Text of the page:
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|Posted February 25, 2003|
|Visit shows depth of detainees' pain|
|By Jim DeFede, Miami Herald Writer|
Eleven-year-old Gaspar Silien couldn't stop crying. Inside the Krome detention center, the Haitian boy clung to his father and didn't want to let go. He had only seen his father a couple of times in court since his family and more than 200 other Haitians landed on Key Biscayne Oct. 29.
Soon after the family arrived in South Florida, they were separated. Gaspar, his mother and his four underage brothers and sisters were eventually sent to a motel, where they have remained under house arrest, watched 24 hours a day by armed guards. Meanwhile, Gaspar's father and older brother were sent to Krome in West Miami-Dade County.
On Monday, the family was briefly reunited during a visit to Krome by filmmaker Jonathan Demme, Haitian radio journalist Michele Montas-Dominique and a contingent of community activists and politicians, including U.S. Rep. Kendrick Meek.
The mother and her children had been taken to Krome in preparation for an asylum hearing scheduled for this morning, but were still kept separate from Gaspar's father, Charles.
When Demme and Montas-Dominique realized the entire Silien family was inside Krome -- albeit in different parts of the facility -- they pressured INS officials to bring them together. When Gaspar's father, Charles, joined them a short time later, the children let out a scream and raced to hug him.
''He hadn't been able to hold or hug his children in months,'' Montas-Dominique said. ``It was very, very emotional.''
At one point Montas-Dominique looked over and saw the father, Charles Silien, holding his 8-year-old daughter. He was crying and the girl reached up and gently brushed a teardrop running down his face.
Montas-Dominique recognized the girl. During the television coverage of the Haitians landing on Key Biscayne, there was the unforgettable image of a small child in a yellow dress, hanging by one arm over the side of the boat, waiting to be handed to someone in the water who would carry her to shore. This was the same girl.
For Montas-Dominique and Demme, the Silien family offered all the proof they would need that the U.S. policy of indefinitely detaining Haitian migrants applying for asylum is both immoral and inhumane.
Since Dec. 3, the mother, Guerline, and her five children -- who range in age from 5-year-old Charlot to 16-year-old Sabine -- have been cramped into a single motel room in West Miami-Dade.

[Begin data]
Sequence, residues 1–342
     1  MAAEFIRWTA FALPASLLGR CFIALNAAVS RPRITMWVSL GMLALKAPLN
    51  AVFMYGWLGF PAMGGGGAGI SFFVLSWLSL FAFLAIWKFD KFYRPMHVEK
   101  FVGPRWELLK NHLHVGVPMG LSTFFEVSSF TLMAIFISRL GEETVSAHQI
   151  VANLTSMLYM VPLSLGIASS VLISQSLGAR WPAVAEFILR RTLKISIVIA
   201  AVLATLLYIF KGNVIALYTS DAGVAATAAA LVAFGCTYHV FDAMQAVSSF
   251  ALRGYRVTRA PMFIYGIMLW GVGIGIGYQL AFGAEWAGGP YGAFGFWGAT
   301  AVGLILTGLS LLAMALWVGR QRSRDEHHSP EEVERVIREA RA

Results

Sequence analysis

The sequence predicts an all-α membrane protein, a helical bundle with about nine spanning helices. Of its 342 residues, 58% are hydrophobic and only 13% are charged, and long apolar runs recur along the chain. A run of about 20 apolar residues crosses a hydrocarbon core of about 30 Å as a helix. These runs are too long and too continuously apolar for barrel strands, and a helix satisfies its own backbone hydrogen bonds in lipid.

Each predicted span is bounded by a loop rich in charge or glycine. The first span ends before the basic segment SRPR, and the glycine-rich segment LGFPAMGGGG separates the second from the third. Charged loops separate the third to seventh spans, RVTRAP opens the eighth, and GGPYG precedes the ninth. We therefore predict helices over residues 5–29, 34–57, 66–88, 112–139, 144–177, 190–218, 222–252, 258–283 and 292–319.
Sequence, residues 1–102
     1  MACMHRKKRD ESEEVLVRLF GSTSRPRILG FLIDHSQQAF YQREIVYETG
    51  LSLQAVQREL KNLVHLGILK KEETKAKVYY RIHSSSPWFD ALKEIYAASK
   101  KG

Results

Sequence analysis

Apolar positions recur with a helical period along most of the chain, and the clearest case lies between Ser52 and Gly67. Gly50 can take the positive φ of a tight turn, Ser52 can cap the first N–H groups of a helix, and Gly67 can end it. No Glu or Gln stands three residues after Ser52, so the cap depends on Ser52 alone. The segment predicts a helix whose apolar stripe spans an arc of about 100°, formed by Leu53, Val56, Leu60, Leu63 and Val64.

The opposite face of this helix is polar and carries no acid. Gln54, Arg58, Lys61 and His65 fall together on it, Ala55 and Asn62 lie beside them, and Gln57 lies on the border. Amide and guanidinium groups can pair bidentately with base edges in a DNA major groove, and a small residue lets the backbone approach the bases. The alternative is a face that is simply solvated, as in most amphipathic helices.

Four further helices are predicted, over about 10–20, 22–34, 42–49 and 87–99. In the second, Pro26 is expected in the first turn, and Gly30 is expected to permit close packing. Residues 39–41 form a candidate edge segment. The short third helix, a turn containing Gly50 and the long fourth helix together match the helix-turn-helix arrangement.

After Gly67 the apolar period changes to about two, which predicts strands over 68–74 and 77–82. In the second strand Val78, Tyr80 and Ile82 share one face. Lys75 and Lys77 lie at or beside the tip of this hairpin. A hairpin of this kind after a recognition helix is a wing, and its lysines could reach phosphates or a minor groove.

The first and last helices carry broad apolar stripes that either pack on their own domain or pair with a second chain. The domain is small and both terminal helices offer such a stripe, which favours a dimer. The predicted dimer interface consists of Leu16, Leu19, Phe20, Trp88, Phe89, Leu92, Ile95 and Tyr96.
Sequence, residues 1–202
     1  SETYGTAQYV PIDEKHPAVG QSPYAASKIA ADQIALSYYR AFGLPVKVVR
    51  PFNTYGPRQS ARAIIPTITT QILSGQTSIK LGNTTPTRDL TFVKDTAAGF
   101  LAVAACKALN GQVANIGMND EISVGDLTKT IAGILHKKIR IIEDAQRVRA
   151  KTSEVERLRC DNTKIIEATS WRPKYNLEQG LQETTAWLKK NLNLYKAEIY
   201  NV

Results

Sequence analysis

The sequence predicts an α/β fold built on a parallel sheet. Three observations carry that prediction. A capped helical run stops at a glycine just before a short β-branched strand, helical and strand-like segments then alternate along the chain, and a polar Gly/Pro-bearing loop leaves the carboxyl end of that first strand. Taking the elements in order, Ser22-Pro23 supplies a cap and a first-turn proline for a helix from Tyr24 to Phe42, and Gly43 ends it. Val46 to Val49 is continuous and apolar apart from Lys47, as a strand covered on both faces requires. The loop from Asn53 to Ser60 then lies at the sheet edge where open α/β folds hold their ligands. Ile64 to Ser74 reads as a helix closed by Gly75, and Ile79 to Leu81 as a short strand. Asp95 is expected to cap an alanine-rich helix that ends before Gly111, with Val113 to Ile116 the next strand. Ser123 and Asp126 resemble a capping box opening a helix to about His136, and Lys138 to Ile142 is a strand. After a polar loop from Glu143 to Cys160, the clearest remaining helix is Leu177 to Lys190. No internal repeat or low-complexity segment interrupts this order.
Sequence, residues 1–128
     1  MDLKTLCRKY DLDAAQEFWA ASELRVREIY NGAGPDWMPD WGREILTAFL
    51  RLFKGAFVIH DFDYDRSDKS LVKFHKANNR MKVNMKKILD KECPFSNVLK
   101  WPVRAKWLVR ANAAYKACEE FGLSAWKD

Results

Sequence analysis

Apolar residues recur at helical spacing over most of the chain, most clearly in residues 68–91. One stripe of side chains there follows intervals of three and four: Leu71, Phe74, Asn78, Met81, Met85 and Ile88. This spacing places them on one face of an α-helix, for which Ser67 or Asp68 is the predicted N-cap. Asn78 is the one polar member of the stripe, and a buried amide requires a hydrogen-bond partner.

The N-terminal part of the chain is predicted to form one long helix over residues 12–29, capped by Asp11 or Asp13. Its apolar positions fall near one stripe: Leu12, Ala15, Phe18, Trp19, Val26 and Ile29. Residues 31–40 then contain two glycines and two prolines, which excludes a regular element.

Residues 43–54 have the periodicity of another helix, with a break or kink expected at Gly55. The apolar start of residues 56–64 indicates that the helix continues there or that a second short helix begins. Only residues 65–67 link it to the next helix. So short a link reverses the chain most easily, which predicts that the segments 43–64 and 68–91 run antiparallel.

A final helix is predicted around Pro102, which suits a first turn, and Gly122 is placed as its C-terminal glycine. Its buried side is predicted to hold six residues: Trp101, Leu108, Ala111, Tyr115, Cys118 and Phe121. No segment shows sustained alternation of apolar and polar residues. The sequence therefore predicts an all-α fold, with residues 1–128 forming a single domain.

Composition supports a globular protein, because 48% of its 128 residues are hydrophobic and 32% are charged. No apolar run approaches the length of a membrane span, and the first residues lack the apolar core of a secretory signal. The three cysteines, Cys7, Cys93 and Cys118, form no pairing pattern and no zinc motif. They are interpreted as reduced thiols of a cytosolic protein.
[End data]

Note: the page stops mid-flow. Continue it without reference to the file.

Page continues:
''They cannot go out in the hallways because there are guards in the hallways,'' Montas-Dominique said. ``They are not allowed to go and play anywhere. I don't know if you have ever tried to lock a 5-year-old boy inside a room, it is a sheer impossibility.''
Demme said the Silien children were ''gorgeous, fabulous, full-of-life little kids'' and seeing them with their father was both gratifying and distressing. After about 20 minutes, the guards came and took Charles Silien away.
''For a second while the family was united, you forgot that they were going to be separated again,'' he said.
Noting the Silien asylum hearing will be held this morning, Demme added: ``It is incomprehensible that this family would be denied the opportunity to get back together, and yet you witness what we saw today and you realize that all things are possible under this policy.''
In addition to the Siliens, Demme and Montas-Dominique, as well as the other dignitaries, met with more than 100 other detainees inside Krome and then drove over to the motel where another two dozen women and small children are being warehoused.
The visitors were struck by the level of despair among the detainees, many of whom complained they were routinely insulted and abused by the guards inside Krome.
''Haitians are extremely proud people and the insults they get from the guards, telling them, for instance, that they smell and that they stink -- that is something very difficult for Haitians to take,'' Montas-Dominique said.
SCORN AND RIDICULE
''They are subjected to a lot of scorn and ridicule,'' Demme added. ``There are incidents of them being spat upon by personnel at the facility. It is just heartbreaking. Anything that can possibly be done to break a person's spirit is being done to these people -- their families are being separated, they are being confined under terrible circumstances.
''As an American I am just so terribly ashamed to have seen these good people treated thusly,'' Demme said.
''I knew of Krome before,'' Montas-Dominique said. ``I heard about the conditions. But seeing it and more than that, witnessing the sense of despair among these young guys -- most of them are only 30 years old -- that was really what was most disturbing. For a Haitian to stop hoping, you really have to go through a lot.''
Immigration and Naturalization Service spokeswoman Ana Santiago said the agency was not aware of any complaints about the guards mistreating the detainees.
She said if a detainee came forward with specific allegations, the claim would be investigated.
Santiago declined to comment on the suggestion by Demme and Montas-Dominique that the Haitian children are being mistreated because the kids are held in their rooms all day long.
Montas-Dominique said she was angered by the way all the Haitians are being treated.
''These people are not criminals,'' she said. ``They are just regular people.''
I told Montas-Dominique some people in Miami will read her comments and argue the Haitians are criminals because they violated U.S. immigration law by coming into this country illegally.
'They came to a country that used to say, `Give me your poor, your wretched,' '' she countered. ``
And that is the image of America that they have. They don't know about American law. They know about American hope.
This report was reproduced from The Miami Herald of February 25, 2003.
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